Fly-in Gig?

by Dan Daley
in The Biz
Singer-songwriter Wendy Colonna performing at the Austin-Bergstrom Airport in Texas.
Singer-songwriter Wendy Colonna performing at the Austin-Bergstrom Airport in Texas.

Next Time You May Not Have to Leave the Airport

With touring budgets tight, the image of rock stars turning first-class cabins into flying blow bars is so 20th century. And besides, airports are no fun. Between TSA intrusiveness and the fact that more people than ever are flying, small wonder that bus rentals are up. Being on the road these days means being, literally, on the road.

But there may be more airports in your future. These skyway pit stops are increasingly becoming destinations in and of themselves, serving as locales for music performances. Nashville International Airport (BNA), which is certainly no stranger to passengers involved in music touring, just opened its newest stage, in Concourse C (American, Southwest), on June 9.

Built by locally based AV integrator SpringTree Media, the sound is kept tightly focused on the seating area of the concourse’s main food court using JBL AC18 compact speakers on either side of the stage, with a JBL Control 312CS sub perched in the ceiling.

“We can’t really do a lot about the acoustics except keep the sound off of reflective surfaces and on the seats,” explains SpringTree Media’s owner Peter Vaque. “It’s really not a problem.”

The musicians who perform at the airport are all top-notch — not surprisingly for Nashville — and are paid scale. Musicians’ natural tendency to “adjust” their live sound is kept in check remotely by the use of a Soundcraft app on an iPad. Vaque says the mix is checked just before a show, and he uses EQ and dynamics presets they’ve programmed for each instrument type. Macros programmed into the Control 4 automation system manage the three video screens and LED lighting that are part of the performance package.

Used on behalf of Arts at the Airport, a 501(c)(3) nonprofit organization, the new stage is the flagship of six performance areas located in the terminal, which has been hosting music performances since 1988 but which expanded the program, with professional sound and lighting, in 2001. (Not the best year for airports.) An average of more than 700 music performances take place on the stages each year.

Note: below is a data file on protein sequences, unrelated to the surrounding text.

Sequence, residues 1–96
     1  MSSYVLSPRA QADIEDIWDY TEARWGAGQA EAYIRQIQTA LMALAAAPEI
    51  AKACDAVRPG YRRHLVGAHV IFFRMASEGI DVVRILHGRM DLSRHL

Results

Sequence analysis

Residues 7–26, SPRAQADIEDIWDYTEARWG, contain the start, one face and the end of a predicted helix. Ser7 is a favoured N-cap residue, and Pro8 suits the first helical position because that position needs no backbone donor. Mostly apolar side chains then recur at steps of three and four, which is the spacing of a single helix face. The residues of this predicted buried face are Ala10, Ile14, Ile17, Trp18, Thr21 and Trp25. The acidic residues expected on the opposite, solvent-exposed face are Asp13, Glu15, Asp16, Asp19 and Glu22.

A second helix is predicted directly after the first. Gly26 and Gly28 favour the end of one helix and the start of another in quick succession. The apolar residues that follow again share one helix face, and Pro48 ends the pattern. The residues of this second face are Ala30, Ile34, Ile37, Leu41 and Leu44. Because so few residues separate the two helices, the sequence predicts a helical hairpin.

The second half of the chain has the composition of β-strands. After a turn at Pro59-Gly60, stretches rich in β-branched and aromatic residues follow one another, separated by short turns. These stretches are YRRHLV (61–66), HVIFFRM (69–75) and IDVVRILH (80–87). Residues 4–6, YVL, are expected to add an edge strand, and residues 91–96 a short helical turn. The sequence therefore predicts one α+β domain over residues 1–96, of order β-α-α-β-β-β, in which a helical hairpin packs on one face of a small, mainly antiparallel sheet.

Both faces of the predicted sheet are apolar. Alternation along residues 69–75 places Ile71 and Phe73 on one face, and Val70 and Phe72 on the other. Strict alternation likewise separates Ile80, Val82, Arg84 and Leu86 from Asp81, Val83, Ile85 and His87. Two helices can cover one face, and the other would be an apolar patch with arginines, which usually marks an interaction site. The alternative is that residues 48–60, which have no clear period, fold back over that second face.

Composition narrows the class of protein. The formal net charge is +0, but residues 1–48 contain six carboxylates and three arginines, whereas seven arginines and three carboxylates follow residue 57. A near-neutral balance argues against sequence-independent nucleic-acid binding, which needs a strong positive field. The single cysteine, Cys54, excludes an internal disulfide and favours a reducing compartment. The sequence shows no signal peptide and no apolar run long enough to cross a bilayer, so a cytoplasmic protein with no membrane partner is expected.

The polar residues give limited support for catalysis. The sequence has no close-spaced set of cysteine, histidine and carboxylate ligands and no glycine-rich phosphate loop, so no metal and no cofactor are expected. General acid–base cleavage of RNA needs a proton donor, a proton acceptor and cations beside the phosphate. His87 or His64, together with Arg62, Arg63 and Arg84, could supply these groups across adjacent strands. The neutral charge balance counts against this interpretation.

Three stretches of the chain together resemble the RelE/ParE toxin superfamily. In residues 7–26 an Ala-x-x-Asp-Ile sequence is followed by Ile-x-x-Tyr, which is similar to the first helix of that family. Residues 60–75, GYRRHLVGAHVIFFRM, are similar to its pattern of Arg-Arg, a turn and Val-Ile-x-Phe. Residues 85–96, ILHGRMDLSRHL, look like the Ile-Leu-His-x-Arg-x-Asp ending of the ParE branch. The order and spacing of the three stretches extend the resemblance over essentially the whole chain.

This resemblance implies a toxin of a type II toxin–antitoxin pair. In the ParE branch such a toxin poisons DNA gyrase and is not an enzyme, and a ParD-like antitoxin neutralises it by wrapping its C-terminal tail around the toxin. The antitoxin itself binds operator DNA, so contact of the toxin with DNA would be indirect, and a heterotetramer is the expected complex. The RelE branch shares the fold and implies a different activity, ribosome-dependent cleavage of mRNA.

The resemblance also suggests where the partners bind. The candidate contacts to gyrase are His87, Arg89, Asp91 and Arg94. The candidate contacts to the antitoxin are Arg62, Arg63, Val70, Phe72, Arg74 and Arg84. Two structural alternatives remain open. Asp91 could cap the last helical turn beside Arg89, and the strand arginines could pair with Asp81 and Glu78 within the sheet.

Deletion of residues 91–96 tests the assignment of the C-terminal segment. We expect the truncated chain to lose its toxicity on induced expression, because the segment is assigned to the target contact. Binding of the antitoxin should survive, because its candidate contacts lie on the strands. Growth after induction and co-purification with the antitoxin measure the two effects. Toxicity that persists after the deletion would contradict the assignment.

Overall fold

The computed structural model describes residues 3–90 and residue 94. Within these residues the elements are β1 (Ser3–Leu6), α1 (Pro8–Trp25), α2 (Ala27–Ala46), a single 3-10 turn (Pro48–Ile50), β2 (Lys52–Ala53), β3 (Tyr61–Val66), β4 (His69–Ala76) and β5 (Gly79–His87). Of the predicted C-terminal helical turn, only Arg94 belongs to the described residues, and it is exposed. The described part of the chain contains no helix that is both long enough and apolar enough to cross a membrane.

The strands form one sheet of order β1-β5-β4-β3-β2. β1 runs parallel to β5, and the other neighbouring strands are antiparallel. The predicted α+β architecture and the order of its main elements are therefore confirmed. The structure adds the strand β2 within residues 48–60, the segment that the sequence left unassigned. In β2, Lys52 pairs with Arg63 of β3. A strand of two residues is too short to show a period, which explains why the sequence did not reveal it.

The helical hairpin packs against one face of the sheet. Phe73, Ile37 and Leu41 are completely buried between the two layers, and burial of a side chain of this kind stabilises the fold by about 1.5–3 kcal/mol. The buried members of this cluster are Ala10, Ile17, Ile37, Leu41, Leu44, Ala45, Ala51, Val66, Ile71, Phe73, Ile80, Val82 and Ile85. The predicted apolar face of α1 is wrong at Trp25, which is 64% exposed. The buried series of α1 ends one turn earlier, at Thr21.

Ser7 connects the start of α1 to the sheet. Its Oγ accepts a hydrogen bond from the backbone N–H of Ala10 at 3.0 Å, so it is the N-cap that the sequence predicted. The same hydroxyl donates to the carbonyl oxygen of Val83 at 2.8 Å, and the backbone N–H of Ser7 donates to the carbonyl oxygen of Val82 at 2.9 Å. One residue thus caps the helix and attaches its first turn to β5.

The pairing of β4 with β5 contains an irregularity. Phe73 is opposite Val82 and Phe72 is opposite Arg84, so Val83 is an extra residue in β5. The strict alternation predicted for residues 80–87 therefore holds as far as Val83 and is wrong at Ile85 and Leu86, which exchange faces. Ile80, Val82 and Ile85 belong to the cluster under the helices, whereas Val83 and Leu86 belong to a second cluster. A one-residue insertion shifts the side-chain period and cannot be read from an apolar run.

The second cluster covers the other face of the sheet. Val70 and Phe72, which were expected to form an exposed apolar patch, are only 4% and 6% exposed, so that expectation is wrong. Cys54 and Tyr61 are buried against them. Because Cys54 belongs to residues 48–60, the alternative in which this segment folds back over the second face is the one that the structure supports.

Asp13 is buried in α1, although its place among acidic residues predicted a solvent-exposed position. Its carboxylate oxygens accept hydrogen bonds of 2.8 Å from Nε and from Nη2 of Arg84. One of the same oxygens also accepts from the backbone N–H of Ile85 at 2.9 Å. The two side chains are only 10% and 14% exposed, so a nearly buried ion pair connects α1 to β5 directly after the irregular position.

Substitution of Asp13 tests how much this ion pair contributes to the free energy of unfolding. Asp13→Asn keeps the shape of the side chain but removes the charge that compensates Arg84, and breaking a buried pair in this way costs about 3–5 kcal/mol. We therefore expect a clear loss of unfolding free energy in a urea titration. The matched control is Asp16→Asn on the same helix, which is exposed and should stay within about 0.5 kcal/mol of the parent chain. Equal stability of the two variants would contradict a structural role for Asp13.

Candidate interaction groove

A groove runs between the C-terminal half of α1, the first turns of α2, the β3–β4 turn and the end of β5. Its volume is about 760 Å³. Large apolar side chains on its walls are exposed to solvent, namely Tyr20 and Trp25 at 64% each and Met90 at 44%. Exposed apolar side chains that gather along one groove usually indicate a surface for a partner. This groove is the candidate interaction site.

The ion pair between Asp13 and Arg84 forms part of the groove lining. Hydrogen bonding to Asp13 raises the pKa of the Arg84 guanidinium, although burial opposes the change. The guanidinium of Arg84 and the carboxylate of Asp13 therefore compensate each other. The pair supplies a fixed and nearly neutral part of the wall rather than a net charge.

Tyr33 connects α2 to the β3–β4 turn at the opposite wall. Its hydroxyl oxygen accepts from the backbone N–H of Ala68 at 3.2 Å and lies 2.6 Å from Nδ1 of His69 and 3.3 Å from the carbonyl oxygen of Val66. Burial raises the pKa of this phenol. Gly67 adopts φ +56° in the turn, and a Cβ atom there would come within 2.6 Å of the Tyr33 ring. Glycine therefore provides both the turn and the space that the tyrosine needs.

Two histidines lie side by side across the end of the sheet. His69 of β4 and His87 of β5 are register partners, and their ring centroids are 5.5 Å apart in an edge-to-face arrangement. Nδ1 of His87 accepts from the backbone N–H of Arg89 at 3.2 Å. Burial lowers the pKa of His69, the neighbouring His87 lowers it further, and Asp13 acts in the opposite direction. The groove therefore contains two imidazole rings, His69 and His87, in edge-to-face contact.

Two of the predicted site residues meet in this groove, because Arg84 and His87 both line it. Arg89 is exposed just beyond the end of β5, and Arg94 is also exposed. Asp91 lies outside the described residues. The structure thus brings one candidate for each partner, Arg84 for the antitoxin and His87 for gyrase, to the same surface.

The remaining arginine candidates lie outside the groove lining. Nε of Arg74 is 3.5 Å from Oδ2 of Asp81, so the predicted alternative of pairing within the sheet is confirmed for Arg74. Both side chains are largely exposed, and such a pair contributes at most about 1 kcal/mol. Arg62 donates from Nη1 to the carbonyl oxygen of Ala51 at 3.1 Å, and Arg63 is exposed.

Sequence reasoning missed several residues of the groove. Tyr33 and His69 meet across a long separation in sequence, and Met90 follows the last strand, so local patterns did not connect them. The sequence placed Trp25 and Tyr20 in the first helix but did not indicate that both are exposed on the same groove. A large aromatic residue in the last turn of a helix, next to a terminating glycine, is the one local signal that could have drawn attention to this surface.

‡‡         The Bigger Picture

Airports have become reflections of larger urban trends in recent years. The quality of airport terminal food is no longer the automatic punch line it once was, as brands like Wolfgang Puck, Phillips Famous Seafood and Carolina Beer Co have opened airport locations. The same goes for shopping — luxe brands like Chanel and Rolex are no longer limited to duty-free shops in the international terminal. At North Carolina’s Charlotte Douglas International Airport (CLT), you can place an order for a new Harley-Davidson motorcycle.

They’re all part of a growing array of distractions that are offered to more than 600 million people who pass through U.S. airports annually, creating a huge and largely captive audience for brands and employment for more than 1.3 million people, in the process generating $1.2 trillion in economic activity — seven percent of the total U.S. workforce and eight percent of GDP.